Guys, I'm starting to get excited -- always a good sign. Yesterday I managed to find a fabric I like, along with jeans buttons and thread, and I think I'm good to go. I also dug around my stash and came up with some cool scraps I could add for embellishment/total-pimp-out.
First things first. Here's my fabric.
It's a blue-gray velveteen -- not too stiff, not too soft -- I picked it up at Nahir, 242 West 39th St. Surly service but an excellent selection of corduroys, velveteens, wool, and denim. They also carry that shiny quilted coat lining in many colors, not that I'll be using it in this project but whatever. This was a little higher than I normally pay at $8/yd., but I only needed 1 3/4 yds (of a 60" roll).
I should launder this first, right?
Friends, I saw beautiful dyed pigskin and lambskin in a place across the street; I thought and thought. The blue pigskin would have run me $80 for three pieces. The brown lambskin (soft and drape-y) about $70. I would have had to line the jacket for starters, and one of my objectives was to sew something that wouldn't overwhelm me. I also wasn't sure how I'd attach the collar, or if the pigskin wasn't too stiff for an extended facing, etc. I will experiment with leather someday soon, but not this project.
Being yesterday was Sunday, many stores were closed, but I was able to find my jeans buttons and matching topstitching thread at Daytona Trimmings, 251 West 39th St. I'd forgotten that I already have quite an assortment of jeans topstitching thread.
I stitched some samples to see how they looked.
I decided the thick gold thread was too bright; the copper tone just right. I'm going to do the stitch line closer to the edge in denim blue and the farther line in copper.
My Singer 15-91 is set up with the blue thread, which I'll also use for all the basic seams and first line of topstitching. My Singer Spartan has the copper thread in it, so I'll move back and forth between machines. Of course, both are straight-stitchers and topstitch beautifully through multiple layers of anything I can fit under the presser foot. I generally increase my thread tension a bit, especially if I'm using thicker topstitching thread -- it's more work to pull the thicker bobbin thread through those multiple layers.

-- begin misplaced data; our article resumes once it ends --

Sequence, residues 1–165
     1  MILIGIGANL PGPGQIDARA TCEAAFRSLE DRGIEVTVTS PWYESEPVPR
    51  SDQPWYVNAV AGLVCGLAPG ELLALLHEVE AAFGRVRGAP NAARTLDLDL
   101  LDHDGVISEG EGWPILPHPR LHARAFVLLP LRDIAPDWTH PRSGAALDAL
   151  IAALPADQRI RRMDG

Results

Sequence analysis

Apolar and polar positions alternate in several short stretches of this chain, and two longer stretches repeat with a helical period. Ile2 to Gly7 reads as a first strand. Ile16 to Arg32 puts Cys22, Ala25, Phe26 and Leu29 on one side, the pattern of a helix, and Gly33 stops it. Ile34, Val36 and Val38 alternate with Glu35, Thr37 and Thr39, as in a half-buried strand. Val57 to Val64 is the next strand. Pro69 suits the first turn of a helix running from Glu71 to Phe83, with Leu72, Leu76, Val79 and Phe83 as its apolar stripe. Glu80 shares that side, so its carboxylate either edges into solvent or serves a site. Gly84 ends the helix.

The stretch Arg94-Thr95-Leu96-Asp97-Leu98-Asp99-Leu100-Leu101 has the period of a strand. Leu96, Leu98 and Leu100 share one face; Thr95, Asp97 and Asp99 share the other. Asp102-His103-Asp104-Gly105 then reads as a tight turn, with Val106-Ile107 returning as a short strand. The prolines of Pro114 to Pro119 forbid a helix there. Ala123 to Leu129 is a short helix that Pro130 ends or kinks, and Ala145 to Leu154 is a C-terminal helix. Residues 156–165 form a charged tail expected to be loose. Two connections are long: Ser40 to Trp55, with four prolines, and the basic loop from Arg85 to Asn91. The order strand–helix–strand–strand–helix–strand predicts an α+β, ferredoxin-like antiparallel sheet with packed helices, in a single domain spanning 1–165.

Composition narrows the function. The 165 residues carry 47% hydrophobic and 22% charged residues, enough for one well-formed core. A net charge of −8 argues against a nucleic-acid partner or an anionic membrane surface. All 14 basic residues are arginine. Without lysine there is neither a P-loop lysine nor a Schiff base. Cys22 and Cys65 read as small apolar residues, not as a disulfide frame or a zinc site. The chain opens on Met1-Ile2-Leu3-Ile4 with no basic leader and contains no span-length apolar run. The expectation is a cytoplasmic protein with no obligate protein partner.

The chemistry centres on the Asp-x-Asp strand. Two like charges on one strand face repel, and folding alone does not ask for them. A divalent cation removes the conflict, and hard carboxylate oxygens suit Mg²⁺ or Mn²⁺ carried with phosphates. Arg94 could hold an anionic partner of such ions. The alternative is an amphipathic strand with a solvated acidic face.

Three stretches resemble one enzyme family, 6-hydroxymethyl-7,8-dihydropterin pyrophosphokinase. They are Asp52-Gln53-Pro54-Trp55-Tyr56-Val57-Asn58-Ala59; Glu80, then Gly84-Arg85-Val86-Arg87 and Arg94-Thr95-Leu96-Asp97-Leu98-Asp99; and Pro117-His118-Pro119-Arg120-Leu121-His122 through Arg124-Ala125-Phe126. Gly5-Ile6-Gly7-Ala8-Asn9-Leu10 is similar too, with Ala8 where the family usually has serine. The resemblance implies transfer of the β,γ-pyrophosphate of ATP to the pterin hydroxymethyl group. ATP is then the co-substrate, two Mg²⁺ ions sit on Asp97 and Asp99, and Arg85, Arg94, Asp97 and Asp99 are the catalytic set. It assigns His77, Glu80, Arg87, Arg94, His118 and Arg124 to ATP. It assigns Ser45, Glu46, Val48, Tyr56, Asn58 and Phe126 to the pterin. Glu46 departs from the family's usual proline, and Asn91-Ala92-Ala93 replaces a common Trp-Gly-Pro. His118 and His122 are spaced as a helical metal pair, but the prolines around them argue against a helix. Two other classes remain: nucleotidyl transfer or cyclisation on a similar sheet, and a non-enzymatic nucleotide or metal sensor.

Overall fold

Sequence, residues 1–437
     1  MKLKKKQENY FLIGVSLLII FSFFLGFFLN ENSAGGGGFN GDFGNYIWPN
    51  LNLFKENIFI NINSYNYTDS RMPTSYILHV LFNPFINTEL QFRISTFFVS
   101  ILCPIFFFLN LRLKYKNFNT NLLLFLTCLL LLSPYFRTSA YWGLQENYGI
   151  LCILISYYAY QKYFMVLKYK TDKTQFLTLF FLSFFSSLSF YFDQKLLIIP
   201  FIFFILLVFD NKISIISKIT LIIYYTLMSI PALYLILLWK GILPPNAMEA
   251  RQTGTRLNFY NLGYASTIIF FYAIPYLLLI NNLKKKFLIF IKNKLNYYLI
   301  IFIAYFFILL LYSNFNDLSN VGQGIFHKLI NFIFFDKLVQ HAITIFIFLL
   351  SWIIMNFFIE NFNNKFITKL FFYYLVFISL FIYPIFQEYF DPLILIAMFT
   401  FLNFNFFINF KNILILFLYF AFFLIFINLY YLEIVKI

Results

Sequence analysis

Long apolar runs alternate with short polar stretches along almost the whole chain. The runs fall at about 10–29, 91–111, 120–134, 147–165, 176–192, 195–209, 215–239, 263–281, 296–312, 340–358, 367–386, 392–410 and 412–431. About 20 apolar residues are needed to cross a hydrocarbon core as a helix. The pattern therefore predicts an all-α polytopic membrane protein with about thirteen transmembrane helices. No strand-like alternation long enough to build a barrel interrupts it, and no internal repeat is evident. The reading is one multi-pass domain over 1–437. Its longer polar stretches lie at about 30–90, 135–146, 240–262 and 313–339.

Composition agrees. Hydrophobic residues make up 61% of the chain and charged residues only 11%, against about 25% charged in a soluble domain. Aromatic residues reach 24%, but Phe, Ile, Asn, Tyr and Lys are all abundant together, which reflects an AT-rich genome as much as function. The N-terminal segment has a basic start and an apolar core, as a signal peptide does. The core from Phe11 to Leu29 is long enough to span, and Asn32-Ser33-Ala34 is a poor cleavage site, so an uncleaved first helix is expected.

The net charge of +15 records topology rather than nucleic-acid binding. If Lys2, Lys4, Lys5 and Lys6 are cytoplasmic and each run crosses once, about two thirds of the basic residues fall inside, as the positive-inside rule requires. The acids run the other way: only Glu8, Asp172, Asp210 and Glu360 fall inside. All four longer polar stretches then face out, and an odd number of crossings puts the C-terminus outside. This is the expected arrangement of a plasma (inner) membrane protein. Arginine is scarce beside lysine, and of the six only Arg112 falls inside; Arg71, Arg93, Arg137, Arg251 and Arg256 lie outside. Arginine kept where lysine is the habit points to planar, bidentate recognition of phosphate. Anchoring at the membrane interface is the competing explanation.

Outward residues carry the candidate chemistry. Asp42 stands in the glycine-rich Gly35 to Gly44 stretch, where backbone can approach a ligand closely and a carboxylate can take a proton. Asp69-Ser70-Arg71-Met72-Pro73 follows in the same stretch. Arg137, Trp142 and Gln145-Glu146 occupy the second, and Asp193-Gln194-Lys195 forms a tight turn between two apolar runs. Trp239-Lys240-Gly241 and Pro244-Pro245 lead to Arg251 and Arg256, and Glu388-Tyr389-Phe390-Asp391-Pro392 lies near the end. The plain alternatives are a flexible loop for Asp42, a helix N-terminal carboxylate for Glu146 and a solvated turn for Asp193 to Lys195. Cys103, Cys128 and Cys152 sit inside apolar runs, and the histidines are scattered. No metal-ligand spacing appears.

When I topstich a seam -- with the seam on my left (as in the photo above) -- I'll use the inner edge of the narrow side of the straight stitch presser foot as my guide for the line closer to the edge; roughly 1/8". Then I'll turn my work, and using the outside of the wider edge of my presser foot, I'll stitch the farther line. Does that make sense?
I'll post more pics tomorrow.
I'm not sure what to do with these faux leather and suede fabric scraps I found. When I started sewing the summer before last, Nancy2001 over at Pattern Review generously sent them -- and tons of other scraps -- for me to practice on. Everything Nancy sent was very nice quality.
I could line a pocket flap or collar. I could do the back (or front) yoke in the darker, textured leather. I could do the facings in the leather. (I have a lot of both.) A few of you had good ideas in your comments yesterday.
And then there's this:
I know many of you like to see me dressed like a waterfront street hustler circa 1970 -- and I'm not entirely opposed to the idea -- but you know how conflicted I am, style-wise.
It's just like Lady in the Dark. Am I the executive -- or the enchantress? I can't make up my mind.
OK, time to get a move on.
Anybody sewing out there? If so, what? Not up to nagging but I do wonder.
I'm a native New Yorker and sewing fanatic! I started sewing in 2009 and today make all my own clothes using vintage sewing machines and vintage patterns, in addition to sewing for private clients. Welcome to the warm and whimsical world of Male Pattern Boldness, where the conversation is sewing, style, fashion, fabric, and more!